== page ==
MALÉ, Maldives – The largest Covid-19 treatment facility in the Maldives has almost 300 beds and a constant supply of oxygen. But when the country reported some of the highest per capita cases in the world last month, Covid stations ran out of another vital resource: staff.
"In the worst case, we had a nurse who looked after 20 patients in the general wards," said Mariya Saeed, the director of the Hulhumalé medical facility in Malé, the capital. "We needed staff to adequately care for the many bedridden elderly people, but the nurses were exhausted."
The pandemic has created a shortage of health workers around the world, forcing governments to make an effort. Spain, for example, launched an emergency plan last year to recruit medical students and retired doctors for the Covid service. And in India, Prime Minister Narendra Modi last month asked local officials to start recruiting medical students last year.
But the Maldives, an archipelago with around 1,200 islands in the Indian Ocean, are facing unique challenges. It can't just be crowds of Students because there is only one university with one medical school. And it cannot only rely on its citizens, as its health system is heavily dependent on foreign workers. Many of these doctors and nurses are from India, a country facing its own gigantic outbreak.
One result is that the Maldives, which have otherwise approached the pandemic with great attention to detail, aren't sure how to man their hospitals for the next crisis.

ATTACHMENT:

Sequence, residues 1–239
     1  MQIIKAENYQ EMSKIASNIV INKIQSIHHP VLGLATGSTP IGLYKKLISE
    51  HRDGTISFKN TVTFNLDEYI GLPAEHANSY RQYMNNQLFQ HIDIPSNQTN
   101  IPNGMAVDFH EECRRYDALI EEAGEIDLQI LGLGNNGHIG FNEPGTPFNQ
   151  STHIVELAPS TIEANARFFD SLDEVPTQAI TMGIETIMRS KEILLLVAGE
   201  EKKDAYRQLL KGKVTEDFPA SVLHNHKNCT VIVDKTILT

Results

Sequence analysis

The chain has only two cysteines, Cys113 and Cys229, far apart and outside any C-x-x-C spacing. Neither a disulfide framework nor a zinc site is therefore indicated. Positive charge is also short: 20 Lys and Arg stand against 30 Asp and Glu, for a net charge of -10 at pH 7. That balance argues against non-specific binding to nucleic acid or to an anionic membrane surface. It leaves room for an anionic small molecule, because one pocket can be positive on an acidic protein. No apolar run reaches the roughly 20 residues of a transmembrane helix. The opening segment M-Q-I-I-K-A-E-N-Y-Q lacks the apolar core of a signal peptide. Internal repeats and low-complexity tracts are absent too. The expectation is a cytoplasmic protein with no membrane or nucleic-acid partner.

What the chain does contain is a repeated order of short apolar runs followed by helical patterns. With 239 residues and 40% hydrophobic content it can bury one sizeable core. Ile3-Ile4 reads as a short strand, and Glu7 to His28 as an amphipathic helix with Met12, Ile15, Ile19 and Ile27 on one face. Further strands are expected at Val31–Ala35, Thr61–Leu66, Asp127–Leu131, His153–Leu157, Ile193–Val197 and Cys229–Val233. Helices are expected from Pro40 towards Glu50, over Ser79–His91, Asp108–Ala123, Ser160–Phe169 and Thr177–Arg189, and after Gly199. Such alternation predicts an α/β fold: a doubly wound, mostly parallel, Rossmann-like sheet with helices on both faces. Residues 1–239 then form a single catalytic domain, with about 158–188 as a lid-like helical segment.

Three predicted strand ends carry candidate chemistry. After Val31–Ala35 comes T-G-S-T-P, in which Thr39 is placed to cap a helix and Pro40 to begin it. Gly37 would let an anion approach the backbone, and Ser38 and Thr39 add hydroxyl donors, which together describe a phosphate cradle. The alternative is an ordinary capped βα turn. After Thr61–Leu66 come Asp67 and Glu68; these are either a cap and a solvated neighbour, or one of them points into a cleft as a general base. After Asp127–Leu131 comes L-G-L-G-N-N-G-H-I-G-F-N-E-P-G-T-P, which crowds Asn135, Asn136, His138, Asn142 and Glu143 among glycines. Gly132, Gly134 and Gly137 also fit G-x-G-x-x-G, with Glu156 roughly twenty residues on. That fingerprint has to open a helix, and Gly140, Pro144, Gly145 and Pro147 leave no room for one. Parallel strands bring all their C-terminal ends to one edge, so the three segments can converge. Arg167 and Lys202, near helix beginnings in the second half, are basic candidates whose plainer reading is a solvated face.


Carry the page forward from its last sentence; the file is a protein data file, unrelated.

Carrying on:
"We spoke to countries like Bangladesh and India about recruiting their doctors and nurses," President Ibrahim Mohamed Solih told reporters last month. "But they cannot provide any help because of their own Covid situation."
The Maldives, a predominantly Muslim country with around 540,000 inhabitants, has described itself as a model of the pandemic response for small countries. With aggressive contact tracing and reliance on the island's scattered geography to slow down outbreaks, the government kept its Covid case numbers low enough to lift restrictions on domestic movement and lure international tourists back to their luxury resorts, a mainstay of the economy. In April, Ramadan festivals and nationwide council elections were held as usual.
"You never know what will happen tomorrow," Thoyyib Mohamed, executive director of the country's official public relations agency, told the New York Times in February. "But first I have to say: This is a really good case study for the whole world, especially for tropical destinations."
Many people in Malé now have a deceased in their extended family, said Marjan Montazemi, the Unicef representative in the Maldives. "Because the numbers are not the same as in other countries, it doesn't get as much attention," she said. "But it was pretty difficult for the country."
Officials in the Maldives have not confirmed how variants could have affected the recent outbreak, but local doctors say the Delta variant, which was first discovered in neighboring India, likely played a role.
As cases rose to more than 1,500 a day last month, hundreds of Covid-19 patients came to the Hulhumalé medical facility. Although the facility with 16 doctors and 89 nurses was built last year to treat Covid patients, it wasn't finished.
"We were always prepared for a possible surge, but such a sudden and massive wave just came unexpectedly," said Nazla Musthafa, government health advisor.